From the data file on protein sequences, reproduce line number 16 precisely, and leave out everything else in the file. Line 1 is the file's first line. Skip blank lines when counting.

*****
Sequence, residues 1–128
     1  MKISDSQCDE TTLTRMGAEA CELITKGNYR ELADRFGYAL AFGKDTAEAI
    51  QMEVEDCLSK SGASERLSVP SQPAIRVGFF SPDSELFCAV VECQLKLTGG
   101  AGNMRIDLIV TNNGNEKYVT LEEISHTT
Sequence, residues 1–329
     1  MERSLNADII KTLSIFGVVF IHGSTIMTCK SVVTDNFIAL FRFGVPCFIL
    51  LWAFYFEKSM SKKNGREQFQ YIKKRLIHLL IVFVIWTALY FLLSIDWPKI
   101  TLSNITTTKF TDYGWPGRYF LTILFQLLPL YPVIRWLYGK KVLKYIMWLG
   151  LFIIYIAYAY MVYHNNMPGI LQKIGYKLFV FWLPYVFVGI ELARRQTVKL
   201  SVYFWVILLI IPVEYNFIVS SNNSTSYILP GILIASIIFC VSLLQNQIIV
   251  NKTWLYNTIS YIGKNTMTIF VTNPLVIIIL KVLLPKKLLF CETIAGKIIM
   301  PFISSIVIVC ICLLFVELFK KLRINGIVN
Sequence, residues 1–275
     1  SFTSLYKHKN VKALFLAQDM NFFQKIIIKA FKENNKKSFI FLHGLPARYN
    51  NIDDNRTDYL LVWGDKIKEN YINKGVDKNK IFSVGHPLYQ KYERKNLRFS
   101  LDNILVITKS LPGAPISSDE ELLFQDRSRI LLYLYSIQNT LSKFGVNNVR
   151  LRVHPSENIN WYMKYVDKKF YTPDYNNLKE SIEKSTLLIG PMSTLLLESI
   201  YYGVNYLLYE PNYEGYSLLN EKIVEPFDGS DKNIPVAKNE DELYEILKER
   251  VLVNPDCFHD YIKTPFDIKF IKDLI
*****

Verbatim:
   101  LDNILVITKS LPGAPISSDE ELLFQDRSRI LLYLYSIQNT LSKFGVNNVR